A dog who is overwhelmed by a situation and can’t use behaviour to escape something they find unpleasant, will often show signs of ‘shutting down’.
This happens because the dog is unable to escape and his requests for relief have gone unheard/unanswered. This is typified by a very still dog – the absence of behaviour is not calmness.
Shut down dogs interact minimally with their environment, their body may be still and tense, if they are moving their posture may be low slung, they will often be frozen, you may see them yawn, lick their lips, and squint and blink (outside of normal contexts for these behaviours).
Eileen Anderson’s clip gives you a run down of some examples, mistaken for calmness:
Less behaviour is not necessarily better than more behaviour
What does a ‘just being’ dog look like?
A chilled dog is loose, breathing deeply, he may still be monitoring the environment but not really on his tip-toes, he may still be responsive but not in an overly enthusiastic way – but the biggest difference?
The chilled out, calm, ‘just being’ dog is choosing to chill, be calm and be.
Back to Eileen Anderson for her ying to the yang clip:
This dog needs help learning that they don’t need to be ‘on’ all the time – good things happen when you’re doing nothing too.
Both in training sessions, and in life, mark and reward doing nothing – even if it’s only a split second – the more you reinforce nothing, the less frantic behaviour you will see.
make sure to put behaviours on stimulus control – this means that the dog learns to offer behaviours when you cue them only, rather than as soon as he thinks there might be a reward or he thinks it might be time to work
When we might only have limited time with a dog, whether that be because we are visiting, working long hours or the dog is in a rescue/kennel environment, of course we want to make the most of our time together.
But, a dog who hasn’t been getting too much human attention will be pretty wound up and anticipatory waiting for it. Sometimes, it’s better just to hang out with them – this gives them the opportunity to calm down, bond and be.
Do you, your dog and your training a favour and teach your dog to work for, to love and to get excited about more boring rewards.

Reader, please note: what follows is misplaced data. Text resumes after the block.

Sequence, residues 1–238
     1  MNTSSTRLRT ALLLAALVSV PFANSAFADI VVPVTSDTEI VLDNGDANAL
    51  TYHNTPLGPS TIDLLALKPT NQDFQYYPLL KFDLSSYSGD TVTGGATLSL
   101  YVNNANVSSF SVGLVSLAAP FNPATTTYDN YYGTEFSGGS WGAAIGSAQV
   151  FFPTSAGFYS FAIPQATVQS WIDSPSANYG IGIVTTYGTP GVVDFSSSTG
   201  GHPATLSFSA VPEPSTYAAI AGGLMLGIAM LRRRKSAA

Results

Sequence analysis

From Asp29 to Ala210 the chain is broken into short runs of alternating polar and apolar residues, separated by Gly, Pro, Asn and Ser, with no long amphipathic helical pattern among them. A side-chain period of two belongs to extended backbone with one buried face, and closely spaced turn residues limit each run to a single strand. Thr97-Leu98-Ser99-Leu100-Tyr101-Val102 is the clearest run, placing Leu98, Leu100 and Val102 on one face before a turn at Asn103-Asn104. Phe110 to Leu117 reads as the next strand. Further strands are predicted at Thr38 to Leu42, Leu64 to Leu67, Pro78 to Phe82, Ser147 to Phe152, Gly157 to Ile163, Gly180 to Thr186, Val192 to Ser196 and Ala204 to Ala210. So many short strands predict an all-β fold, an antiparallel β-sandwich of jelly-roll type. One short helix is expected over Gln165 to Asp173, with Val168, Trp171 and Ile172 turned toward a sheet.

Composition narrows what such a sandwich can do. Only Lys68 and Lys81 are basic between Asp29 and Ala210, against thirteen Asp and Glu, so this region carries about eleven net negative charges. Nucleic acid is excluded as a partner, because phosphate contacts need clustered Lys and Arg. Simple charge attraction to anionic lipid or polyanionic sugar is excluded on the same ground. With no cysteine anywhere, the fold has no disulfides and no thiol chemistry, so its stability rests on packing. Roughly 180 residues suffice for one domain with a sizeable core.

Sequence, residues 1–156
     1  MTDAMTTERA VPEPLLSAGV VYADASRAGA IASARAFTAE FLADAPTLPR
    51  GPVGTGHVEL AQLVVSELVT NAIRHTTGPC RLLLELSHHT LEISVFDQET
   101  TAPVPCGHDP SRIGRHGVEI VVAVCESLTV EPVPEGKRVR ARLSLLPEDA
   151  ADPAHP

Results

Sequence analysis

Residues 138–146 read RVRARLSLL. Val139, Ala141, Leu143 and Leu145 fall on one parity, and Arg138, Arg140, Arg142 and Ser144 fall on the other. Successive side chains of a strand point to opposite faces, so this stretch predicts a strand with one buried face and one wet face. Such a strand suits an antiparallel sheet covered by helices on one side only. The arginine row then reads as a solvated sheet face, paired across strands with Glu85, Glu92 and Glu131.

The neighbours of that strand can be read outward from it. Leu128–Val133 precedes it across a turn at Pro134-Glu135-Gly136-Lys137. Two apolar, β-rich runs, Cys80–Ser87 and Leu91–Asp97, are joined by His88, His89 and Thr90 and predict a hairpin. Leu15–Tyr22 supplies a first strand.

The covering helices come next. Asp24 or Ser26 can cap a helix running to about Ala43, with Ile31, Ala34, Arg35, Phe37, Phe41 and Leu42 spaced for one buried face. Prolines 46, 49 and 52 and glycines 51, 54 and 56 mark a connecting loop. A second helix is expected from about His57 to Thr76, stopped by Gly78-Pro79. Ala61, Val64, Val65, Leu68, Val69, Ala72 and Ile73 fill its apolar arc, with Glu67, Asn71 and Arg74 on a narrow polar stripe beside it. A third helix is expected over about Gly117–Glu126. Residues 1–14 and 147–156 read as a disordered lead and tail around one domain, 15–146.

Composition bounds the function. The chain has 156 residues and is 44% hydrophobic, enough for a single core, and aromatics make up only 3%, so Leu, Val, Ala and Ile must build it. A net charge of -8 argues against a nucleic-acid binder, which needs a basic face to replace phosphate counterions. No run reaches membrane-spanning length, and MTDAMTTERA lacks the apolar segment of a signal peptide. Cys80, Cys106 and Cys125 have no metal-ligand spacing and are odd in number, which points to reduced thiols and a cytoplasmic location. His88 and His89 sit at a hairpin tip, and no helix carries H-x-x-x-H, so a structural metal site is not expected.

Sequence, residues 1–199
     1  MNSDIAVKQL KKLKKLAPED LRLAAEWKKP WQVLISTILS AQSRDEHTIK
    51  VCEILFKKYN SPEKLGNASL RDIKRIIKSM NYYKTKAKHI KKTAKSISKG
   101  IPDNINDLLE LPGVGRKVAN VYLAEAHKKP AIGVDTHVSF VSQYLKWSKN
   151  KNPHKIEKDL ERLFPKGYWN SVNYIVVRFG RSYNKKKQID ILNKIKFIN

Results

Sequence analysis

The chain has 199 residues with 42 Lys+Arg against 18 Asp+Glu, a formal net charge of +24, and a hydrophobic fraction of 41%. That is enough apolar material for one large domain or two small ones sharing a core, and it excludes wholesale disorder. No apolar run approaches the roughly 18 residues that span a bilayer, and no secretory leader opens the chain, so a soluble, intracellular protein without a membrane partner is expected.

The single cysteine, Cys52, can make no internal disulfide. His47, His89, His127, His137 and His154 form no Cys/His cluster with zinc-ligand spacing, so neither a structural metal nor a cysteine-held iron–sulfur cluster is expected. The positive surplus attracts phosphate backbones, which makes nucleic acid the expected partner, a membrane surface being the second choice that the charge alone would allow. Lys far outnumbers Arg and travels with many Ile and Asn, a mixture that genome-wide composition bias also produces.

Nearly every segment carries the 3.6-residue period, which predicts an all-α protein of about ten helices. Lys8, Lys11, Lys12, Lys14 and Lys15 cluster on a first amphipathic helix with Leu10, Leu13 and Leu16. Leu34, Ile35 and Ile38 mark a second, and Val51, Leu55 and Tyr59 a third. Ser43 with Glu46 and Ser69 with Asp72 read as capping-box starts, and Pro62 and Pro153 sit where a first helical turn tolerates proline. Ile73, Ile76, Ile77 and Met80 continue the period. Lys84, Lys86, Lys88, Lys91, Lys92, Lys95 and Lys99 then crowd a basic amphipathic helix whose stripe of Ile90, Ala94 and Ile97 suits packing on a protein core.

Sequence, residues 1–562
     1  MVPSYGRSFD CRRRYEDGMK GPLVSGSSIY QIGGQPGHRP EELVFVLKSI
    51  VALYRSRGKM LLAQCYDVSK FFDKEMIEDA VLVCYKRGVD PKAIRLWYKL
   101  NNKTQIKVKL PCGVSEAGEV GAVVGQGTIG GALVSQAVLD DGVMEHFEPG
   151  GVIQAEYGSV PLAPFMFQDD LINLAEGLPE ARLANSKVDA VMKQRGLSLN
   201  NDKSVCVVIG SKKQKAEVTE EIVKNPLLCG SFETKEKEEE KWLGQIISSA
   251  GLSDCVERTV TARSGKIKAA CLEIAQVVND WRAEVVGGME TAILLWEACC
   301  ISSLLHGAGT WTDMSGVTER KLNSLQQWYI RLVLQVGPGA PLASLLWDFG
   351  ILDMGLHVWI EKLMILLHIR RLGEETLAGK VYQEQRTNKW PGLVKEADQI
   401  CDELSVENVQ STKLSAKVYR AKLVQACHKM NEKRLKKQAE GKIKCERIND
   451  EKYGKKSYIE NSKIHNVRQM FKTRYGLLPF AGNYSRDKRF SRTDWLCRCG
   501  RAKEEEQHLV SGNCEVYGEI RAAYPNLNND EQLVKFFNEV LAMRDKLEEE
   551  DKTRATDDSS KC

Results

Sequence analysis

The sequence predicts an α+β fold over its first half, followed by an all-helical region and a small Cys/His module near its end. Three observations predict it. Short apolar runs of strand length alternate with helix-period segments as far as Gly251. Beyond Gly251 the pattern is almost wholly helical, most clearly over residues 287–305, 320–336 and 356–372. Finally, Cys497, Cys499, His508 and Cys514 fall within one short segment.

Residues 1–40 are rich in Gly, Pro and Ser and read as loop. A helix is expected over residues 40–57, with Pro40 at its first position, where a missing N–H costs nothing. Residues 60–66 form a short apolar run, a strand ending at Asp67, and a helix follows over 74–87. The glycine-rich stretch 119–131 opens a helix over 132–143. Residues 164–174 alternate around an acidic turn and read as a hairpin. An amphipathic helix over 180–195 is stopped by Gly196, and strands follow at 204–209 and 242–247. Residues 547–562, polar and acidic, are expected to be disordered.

Many pet owners describe how they ask their dog to wait for their food, before putting the bowl on the floor.
Take that a step further – don’t be uncomfortable with the idea of having your dog offer desired behaviours for each piece of that food rather than the whole meal in one go.
One major benefit to teaching your dog to work for their food, is that their regular food takes on extra significance and extra value.
When it’s harder to get, all of a sudden we want it more…just like these dogs:
This means that your dog is learning to use behaviours to get things that he wants, even though this stuff may not be steak or roast chicken.
Now transfer that to when you want and need behaviours from your dog, when you need your dog to reign it in, when you need your dog to pay attention, you want to teach him a new behaviour or you just want to divert your dog for a couple of minutes.
If we use our big guns for the most mundane situations, what happens when we really need better ammo?
Here’s Decker and I playing with kibble when out and about – in the first bit there are other dogs, walkers, joggers around us in the park and in the second bit we are walking near the wild deer – not too close because I don’t want them to approach us either!
The most boring of boring kibble is what has his attention here – it’s fun to hang out with me and cardboard-kibble!
Catching and searching are favourite games – by pairing this fun with kibble, the kibble gains more value.
If I wanted to do something really special or tricky or use food to help Decker better cope with a fear or concern I have lots of bigger and better guns in my arsenal such as cheese, chicken, salami, tug toys or tennis balls.
pair other more valuable rewards with lower value rewards
This works by teaching your dog that every time they accept a boring reward, something they love even more is coming. With enough pairings, in the right sequence, the more boring reward takes on greater value to your dog.
Here Lottie learns that eating kibble makes a tug game happen: